Perspectives on Successes and Challenges in the Recruitment and Retention of Pregnant Women in a Research Study

Clinical Researcher—September 2019 (Volume 33, Issue 8)


Amy Rider, RN; Christine Aubry, RN; Sara Moyer, RN; Patricia Kinser, PhD


Pregnant women have historically been excluded from clinical trial research, given their former “vulnerable population” status and in consideration of potential impacts to the developing fetus. However, the National Institutes of Health (NIH) and the NIH Office of Research on Women’s Health have called for more expansive research to address areas of high clinical need and to promote evidence-based clinical practice related to pregnancy.{1}

To promote an inclusive research environment and to enhance the rigor of future studies, it is essential to discuss the multiple challenges that may arise regarding recruitment and retention of pregnant women in clinical trials, and to share perspectives on successes and failures in individual studies.

In this paper, we focus on the importance of consistency, flexibility, and compassion by the research nurse/clinical research coordinator. We present perspectives on challenges and successes regarding recruitment and retention of pregnant women in a longitudinal pilot study designed to evaluate the feasibility, acceptability, and preliminary effects of a self-management intervention for depressive symptoms.{2} We also discuss successes and “lessons learned” within the context of recruitment methods, study design, and retention strategies.

Consistency, Flexibility, and Compassion in Recruitment Methods

To engage in effective recruitment, we found that the process of building trusted relationships{3,4} was at the heart of our study’s success. Collaboration with community stakeholders and clinic staff and establishing trusted relationships are steps that take much effort prior to the initiation of the study, but when done well, contribute to success in both recruitment and retention.{3,5}

In our study, we built effective relationships in several ways. First, we capitalized upon contacts within our academic institution (Virginia Commonwealth University), from healthcare providers to registration staff, to provide layers of access as entry points to successful recruitment.{6}

For example, speaking with the local director of CenteringPregnancy® Care (a group prenatal care approach of the Centering Healthcare Institute) led to a meeting with the clinical coordinator of the ambulatory care center; their collegial relationship paved the way for research staff to have access to vacant rooms, print-outs of the daily schedule, and computers. The director also allowed research staff to speak to prenatal care groups as an active recruitment strategy.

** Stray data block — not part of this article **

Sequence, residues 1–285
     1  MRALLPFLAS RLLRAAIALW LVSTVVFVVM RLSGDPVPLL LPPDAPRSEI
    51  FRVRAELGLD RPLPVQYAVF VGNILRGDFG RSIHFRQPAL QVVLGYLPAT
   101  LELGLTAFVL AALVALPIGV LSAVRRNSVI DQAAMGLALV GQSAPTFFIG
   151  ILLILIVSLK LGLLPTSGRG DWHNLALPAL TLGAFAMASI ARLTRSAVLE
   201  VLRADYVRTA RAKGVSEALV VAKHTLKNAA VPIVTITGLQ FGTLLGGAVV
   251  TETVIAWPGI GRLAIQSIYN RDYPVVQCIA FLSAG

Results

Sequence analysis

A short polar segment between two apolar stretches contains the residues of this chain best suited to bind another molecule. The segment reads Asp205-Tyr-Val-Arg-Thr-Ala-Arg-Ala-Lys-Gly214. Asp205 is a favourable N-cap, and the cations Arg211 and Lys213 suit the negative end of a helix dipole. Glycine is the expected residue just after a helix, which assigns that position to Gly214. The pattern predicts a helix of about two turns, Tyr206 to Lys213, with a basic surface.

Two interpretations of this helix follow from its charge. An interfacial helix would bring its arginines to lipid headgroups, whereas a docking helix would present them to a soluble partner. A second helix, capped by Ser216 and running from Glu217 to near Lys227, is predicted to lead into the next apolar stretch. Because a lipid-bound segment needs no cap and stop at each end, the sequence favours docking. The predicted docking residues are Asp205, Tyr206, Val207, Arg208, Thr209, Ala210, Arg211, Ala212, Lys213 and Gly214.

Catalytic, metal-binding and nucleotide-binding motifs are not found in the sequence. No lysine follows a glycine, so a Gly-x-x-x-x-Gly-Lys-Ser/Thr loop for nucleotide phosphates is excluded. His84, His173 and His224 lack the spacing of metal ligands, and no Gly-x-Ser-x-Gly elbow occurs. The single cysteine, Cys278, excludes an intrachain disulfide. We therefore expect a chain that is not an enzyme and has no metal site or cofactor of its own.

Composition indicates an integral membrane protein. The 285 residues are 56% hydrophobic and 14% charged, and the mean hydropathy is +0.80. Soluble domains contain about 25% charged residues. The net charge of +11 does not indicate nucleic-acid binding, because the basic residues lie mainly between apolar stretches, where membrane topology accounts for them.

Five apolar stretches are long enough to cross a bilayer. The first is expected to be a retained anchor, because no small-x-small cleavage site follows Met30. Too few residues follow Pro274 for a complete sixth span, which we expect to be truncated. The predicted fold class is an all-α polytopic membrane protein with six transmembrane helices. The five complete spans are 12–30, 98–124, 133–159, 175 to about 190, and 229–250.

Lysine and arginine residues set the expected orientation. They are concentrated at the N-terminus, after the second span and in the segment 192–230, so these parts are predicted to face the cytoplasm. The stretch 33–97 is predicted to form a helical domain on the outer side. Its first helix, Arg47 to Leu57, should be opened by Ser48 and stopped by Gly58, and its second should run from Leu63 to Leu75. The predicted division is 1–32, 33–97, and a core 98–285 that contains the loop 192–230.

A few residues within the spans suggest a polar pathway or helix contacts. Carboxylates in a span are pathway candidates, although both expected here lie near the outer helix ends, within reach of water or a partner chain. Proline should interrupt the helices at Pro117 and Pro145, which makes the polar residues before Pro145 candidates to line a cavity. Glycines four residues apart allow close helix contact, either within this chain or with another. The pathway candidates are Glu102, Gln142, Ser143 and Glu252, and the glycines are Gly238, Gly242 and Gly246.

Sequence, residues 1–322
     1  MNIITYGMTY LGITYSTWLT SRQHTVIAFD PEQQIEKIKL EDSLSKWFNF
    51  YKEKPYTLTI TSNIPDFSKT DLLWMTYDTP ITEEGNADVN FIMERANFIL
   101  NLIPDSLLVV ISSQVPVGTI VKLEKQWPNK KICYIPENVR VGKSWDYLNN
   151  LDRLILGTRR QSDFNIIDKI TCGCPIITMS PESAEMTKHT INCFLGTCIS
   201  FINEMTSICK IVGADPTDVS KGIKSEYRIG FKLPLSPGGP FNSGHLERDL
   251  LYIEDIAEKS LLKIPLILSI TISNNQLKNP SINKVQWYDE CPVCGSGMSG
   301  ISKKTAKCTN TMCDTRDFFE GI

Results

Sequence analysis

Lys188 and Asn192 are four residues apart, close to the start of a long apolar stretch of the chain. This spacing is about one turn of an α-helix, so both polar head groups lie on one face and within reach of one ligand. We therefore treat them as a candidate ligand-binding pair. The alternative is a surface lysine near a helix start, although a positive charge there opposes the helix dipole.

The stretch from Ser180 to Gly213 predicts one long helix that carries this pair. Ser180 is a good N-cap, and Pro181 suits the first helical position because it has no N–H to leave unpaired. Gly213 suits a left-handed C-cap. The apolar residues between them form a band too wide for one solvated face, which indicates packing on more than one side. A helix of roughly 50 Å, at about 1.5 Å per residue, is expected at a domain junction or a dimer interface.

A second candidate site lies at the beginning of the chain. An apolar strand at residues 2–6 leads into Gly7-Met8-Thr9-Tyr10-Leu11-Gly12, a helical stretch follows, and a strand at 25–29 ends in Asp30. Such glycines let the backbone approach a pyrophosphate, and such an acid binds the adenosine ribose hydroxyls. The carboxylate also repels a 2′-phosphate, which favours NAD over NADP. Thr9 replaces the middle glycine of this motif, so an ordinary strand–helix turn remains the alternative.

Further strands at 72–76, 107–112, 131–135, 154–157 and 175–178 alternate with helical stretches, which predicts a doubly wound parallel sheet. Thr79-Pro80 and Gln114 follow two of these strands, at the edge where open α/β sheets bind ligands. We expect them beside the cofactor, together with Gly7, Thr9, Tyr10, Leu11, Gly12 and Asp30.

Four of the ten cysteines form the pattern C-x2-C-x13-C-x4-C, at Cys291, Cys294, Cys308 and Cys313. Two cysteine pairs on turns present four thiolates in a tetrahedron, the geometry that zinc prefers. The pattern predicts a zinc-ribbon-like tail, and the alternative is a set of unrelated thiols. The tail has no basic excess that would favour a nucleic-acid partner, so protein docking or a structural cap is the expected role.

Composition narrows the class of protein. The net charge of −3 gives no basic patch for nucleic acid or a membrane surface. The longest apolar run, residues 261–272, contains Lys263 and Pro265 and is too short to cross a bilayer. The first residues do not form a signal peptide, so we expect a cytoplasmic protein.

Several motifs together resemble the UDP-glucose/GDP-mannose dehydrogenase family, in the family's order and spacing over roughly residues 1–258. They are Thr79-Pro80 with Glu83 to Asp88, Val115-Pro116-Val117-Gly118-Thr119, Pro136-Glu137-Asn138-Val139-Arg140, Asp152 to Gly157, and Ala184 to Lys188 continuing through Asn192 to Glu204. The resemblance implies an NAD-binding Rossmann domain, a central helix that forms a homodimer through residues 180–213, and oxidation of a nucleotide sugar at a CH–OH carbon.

As another example, a key contact within the academic institution was the social worker for the high-risk obstetrics clinic, with whom our principal investigator (PI) and head research nurse met at a local café in the community prior to the start of the study. Meeting outside the busy clinic setting meant that the social worker could get to know the study details and staff in an unrushed environment and feel confident about making study referrals.

Second, our study team used both active and passive recruitment methods, with the goal of reducing recruitment bias and facilitating access to a diverse community population.{7} Although passive methods, including flyers, Facebook posts, and e-mails to listservs, were successful for reaching many interested individuals, we found that active recruitment was essential, and the only way to effectively do so was to develop relationships with clinic staff.

For example, active recruitment in busy clinic waiting rooms can be challenging, so orientation to the “ins and outs” of clinic operations was critical. By meeting with clinic nurses at staff meetings, study research nurses gained credibility and learned how to minimize intrusions on clinic operations; thanks to this credibility, clinic staffers offered use of vacant rooms and computers and referred patients to the study. These informal orientations allowed study research nurses to feel less intrusive while recruiting in the clinic waiting rooms. By cultivating mutual respect between the clinic and research nurses, the two could co-exist working toward equally important missions of the academic institution: research and clinical care.{4,6}